Overcoming some wet and weird conditions, Whistler enduro rider Jesse Melamed came away with his second career Enduro World Series (EWS) win in Zermatt, Switzerland on Sunday, Aug. 30.
The first EWS contest in the new pandemic world was further challenged by rainy, sloppy conditions, which limited the race to just two stages. Melamed opened up a hearty 10-second gap after the first stanza before hanging on by 4.64 seconds over defending champion Martin Maes of Belgium. France’s Theo Galy placed third.
In an email, Melamed said he was thrilled to have hit the ground running and started strong heading into the unprecedentedly strange campaign.
“It feels amazing. To me the first race of the season is always the hardest. There is so much time spent in the off-season wondering if what you are doing is the best thing. So to come here after the extended off-season and win is the best thing I could have asked for,” he wrote.
“I put everything into my racing and being the best, to have that be rewarded is a great feeling.”
Rainy and, in some parts, snowy conditions wreaked some havoc on the day, as the race was first delayed and then downsized to just the two stages. Melamed hung out with Rocky Mountain Race Face teammate Remi Gauvin of Squamish, who ended up 24th, as they awaited word of what was to come.
“Remi and I were both super positive and eager to get out there and race so we were just twiddling our thumbs, remaining calm and being ready to go when they said go,” Melamed wrote.
When they did get the green light, Melamed was keen to drop in to the first stage, which he said was the best trail of the day. While it was in less-than-stellar shape after the downpour, he still rode it significantly better than anyone else and rode away on top.
“I had a lot of fun on it in practice so I think I just kept that happy and positive attitude into the race. It was a complete mess from practice though and was super difficult to ride. I just kept myself calm and focused on hitting every section without going off course,” he recalled.
Though the Zermatt contest marked the first race of the EWS season, Melamed already had a dozen races under his belt this year by virtue of taking part in Crankworx’s Summer Series (CWSS) in July and August. Though he didn’t hit the top step in any of the three enduro races on the circuit, but did take a downhill triumph, Melamed felt like he was in a midseason mindset by the time he hit the start gate.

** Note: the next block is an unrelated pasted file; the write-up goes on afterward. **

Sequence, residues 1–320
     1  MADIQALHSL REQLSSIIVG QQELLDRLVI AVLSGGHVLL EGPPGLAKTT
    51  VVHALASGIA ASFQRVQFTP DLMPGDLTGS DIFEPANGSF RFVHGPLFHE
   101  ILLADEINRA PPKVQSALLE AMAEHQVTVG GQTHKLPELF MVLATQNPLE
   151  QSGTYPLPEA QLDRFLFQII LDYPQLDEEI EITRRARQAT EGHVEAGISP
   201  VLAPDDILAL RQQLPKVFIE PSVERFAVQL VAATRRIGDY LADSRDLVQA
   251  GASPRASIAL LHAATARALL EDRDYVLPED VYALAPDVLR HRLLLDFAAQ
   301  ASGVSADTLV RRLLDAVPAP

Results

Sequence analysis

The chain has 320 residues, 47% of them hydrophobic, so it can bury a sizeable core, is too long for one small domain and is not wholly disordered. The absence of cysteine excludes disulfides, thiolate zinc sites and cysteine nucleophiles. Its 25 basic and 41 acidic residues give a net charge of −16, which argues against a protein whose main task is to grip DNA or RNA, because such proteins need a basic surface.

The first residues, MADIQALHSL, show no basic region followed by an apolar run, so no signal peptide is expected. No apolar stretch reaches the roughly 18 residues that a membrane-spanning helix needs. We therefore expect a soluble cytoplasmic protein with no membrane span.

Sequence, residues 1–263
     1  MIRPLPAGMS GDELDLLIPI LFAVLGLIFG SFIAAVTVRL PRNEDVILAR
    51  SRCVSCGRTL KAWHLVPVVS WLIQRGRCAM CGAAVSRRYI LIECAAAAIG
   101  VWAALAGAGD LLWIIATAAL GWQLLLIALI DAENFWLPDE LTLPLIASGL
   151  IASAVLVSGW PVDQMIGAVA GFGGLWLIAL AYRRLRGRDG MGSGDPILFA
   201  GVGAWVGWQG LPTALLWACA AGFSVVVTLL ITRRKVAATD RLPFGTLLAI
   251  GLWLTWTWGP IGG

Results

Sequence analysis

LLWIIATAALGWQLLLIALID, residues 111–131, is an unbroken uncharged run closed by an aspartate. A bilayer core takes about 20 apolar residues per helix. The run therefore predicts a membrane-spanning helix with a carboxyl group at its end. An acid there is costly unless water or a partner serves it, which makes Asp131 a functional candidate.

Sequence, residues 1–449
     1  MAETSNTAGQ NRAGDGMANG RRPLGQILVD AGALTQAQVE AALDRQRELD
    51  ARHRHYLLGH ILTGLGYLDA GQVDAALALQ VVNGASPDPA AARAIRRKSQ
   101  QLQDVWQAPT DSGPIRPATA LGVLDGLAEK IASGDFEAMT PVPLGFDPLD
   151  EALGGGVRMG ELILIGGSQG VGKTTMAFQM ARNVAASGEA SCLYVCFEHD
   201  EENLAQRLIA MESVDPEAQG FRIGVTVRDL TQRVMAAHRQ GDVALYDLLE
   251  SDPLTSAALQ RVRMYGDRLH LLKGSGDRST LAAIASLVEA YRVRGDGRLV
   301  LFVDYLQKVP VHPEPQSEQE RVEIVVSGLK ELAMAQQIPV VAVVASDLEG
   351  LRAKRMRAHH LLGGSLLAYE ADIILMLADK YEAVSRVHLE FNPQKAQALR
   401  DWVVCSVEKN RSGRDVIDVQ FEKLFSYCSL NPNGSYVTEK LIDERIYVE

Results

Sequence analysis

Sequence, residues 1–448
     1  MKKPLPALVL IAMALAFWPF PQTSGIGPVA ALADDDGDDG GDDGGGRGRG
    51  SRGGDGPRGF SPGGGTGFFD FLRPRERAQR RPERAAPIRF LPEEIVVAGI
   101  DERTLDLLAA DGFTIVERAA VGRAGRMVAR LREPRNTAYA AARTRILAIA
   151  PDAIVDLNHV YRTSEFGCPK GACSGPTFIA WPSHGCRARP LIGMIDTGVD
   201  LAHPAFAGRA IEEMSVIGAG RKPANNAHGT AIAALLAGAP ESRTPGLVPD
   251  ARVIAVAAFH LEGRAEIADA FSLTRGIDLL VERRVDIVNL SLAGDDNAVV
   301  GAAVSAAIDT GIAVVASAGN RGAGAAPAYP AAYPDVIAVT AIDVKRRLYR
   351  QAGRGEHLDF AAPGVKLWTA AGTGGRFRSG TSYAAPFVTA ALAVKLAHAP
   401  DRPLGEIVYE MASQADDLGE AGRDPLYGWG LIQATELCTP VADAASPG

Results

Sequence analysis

“I think it just got all those race jitters and anxiety out of the system. I think when you put so much time and energy into something, it’s hard not to overthink it when the time comes,” he wrote. “The CWSS forced us into so much racing so quickly that there was no time for that, and yet we did 12 races so by the end of it I was just a racing machine!”
Before heading across the pond, Melamed—like several other athletes—had some reservations about travelling such long distances to compete in the midst of a global pandemic. However, Melamed was also aware that the athletes needed to be as safe and responsible as possible out of respect for the host sites. It was admittedly a bit strange, however.
“It was a bit weird. We’ve all been travelling and racing together for a long time and to have this invisible barrier and awkwardness seeing everyone for the first time this year was a shame,” he wrote. “But things got a bit better and we were able to enjoy being back at the races with all the best in the world.”
Other locals included Squamish’s Rhys Verner in 22nd, and Whistler’s Carter Krasny in 60th. On the women’s side, France’s Isabeau Coudurier topped countrywoman Morgane Charre and Great Britain’s Ella Conolly, while Squamish’s Miranda Miller took 10th. Andreane Lanthier Nadeau crashed in practice earlier in the week and opted to sit out the race.
Riders will get a bit of a break before resuming the season at Pietra Ligure, Italy on Sept. 20, starting a mad dash to the season’s end that includes racing four of the following five weekends.
Melamed’s strategy for getting through the next few months: “Trying not to overthink it and just have some fun while we are over here. There’s obviously not much travelling that we can do so we just need to keep ourselves and the team sane during the eight-week trip.”